‘Lost in Space’: Why Parker Posey’s Dr. Smith is the Show’s Secret Weapon

Chris Tilly
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TV Streaming Netflix Sci-Fi

A big-budget reboot of Lost in Space hit Netflix today. The 10-part series is a very modern spin on the 1960s TV classic, which ran for three seasons and 83 episodes in the mid-1960s. This new version has high production values and explosive action, as we discussed in our spoiler-free review.

But Lost in Space also has a secret weapon in the shape of Dr. Smith, the show is vastly improved whenever Parker Posey’s character is onscreen. Which is also how it was with the original series. So the following is FANDOM’s tribute to Lost in Space‘s most marvellously malevolent character. And your new favourite TV villain.

Just BEWARE OF LOST IN SPACE spoilers ahead, as we’ll be discussing all of Smith’s secrets.

The Original Dr. Smith

Jonathan Harris as Dr. Zachary Smith.

Dr. Zachary Smith was the break-out star of the original Lost in Space. Which is ironic, as the character didn’t even feature in the show’s unaired pilot episode. In it, the Robinson family’s spacecraft is knocked off course by a meteor storm.

Once Lost in Space was commissioned, Smith was added to the cast of characters. An agent working undercover for a shady foreign organisation, Smith slips aboard the Robinson ship, and reprograms their robot to destroy the craft. But he becomes trapped onboard, and his presence sends them off course. Making Dr. Smith the reason they are lost in space.

Though while he’s a pretty sinister presence in the show’s first few episodes, the Smith character changes over time. Becoming less evil, and more selfish, lazy, self-centred and cowardly. He even seems to care about the Robinsons in some episodes.

Smith’s ever-expanding and evolving role in the series was down to the popularity of the character. Which in turn was due to the brilliance of the man playing him, with Jonathan Harris dominating proceedings as the dastardly doctor. His performance combining high camp with dark charisma and a knowing wink to the audience. Though this chat show appearance suggests that he wasn’t doing all that much acting, and that the performance was pretty much him.

Parker Posey’s Dr. Smith

Parker Posey (left) as new Dr. Smith.

Regarding the new Lost in Space, first things first: PARKER POSEY ISN’T PLAYING DR. SMITH! She’s playing someone pretending to be Dr. Smith. A delicious twist for this deeply deceptive character. We discover via the flashbacks peppered throughout the show that she’s a petty criminal and con woman. Who knocks her sister out and steals her identity to join the mission into the unknown.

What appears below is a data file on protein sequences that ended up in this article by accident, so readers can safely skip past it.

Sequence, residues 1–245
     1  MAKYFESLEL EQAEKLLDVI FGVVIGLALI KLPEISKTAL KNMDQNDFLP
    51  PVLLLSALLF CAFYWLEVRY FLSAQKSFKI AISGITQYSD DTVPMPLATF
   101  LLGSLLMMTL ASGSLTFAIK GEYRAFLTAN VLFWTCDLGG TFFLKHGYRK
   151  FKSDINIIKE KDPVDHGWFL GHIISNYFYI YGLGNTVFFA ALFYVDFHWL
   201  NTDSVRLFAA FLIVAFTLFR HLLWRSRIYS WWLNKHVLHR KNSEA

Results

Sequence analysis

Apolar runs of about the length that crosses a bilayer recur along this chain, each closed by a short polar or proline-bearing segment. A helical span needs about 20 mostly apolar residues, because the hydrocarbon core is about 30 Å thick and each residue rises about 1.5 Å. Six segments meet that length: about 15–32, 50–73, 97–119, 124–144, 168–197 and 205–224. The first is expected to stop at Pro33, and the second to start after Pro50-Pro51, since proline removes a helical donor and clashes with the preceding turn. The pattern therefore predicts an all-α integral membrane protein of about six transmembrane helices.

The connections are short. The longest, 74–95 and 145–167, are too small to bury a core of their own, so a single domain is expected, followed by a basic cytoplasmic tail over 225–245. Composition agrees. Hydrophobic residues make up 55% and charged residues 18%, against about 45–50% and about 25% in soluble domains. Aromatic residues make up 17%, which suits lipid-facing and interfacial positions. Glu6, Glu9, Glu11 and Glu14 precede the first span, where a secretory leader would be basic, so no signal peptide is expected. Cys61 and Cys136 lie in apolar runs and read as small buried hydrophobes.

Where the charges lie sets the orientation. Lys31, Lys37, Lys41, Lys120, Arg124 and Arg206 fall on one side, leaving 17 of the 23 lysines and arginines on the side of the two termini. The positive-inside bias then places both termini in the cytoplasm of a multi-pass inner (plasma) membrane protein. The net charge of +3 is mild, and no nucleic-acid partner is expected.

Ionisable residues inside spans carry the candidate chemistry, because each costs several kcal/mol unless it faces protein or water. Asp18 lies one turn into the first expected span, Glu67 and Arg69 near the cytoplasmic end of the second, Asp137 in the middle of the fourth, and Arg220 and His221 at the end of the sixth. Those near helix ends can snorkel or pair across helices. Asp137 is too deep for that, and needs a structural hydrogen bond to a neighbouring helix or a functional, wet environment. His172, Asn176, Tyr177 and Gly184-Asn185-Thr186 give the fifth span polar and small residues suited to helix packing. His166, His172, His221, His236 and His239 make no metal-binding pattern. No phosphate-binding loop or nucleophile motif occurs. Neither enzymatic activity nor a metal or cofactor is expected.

Once on the space station, she quickly kills someone, then steals the identity of Dr. Smith while a robot is on the rampage. The new I.D. enables ‘Dr. Smith’ to pull the wool over the eyes of the Robinsons when they meet. Even claiming to be a family therapist, enabling her to learn both the family’s secrets, and their weaknesses. While at the same time planting poisonous seeds in their minds to divide and conquer the Robinson clan.

Like the 1960s character, Posey’s Smith is selfish and self-centred. Though she isn’t as prone to mishaps and mistakes. Instead, this iteration is constantly plotting, conniving and scheming, and it’s her cynical actions that keep the show motoring. Frequently placing Robinsons in danger without the family ever realising she is responsible. All of which Smith does while looking fierce in a stylish red jump-suit.

Is Dr. Smith the Hero of Lost in Space?

Dr. Smith is set up as the villain of the piece, screwing over everyone in her way. But ultimately, everything she does comes from a place of self-preservation. And as the show delves into her past via those flashbacks, the audience starts to understand where she is coming from.

Because Smith has clearly had a tough life. The scene with her sister suggesting she’s been treated pretty badly by her family. And just like the Robinsons, simply wants a fresh start. Smith might go about it the wrong way — and murder is a little OTT — but ultimately they share the same goal.

She believes herself to be a good person, at one point claiming: “Whatever you think of me and the things I’ve done, I’m not a monster.” And much like the original Dr. Smith, this version slowly starts to reveal her humanity, so much so that she even seems to care a little about the Robinsons in the final few episodes.

Of course, the character still does some pretty despicable things. But her best line comes late in proceedings when she says, “I’m not the villain of this story, I’m the hero.” And when you see it from her point-of-view, she kind of is.

Chris Tilly
FANDOM Managing Editor in the UK. At this point my life is a combination of 1980s horror movies, Crystal Palace football matches, and episodes of I'm Alan Partridge. The first series. When he was in the travel tavern. Not the one after.
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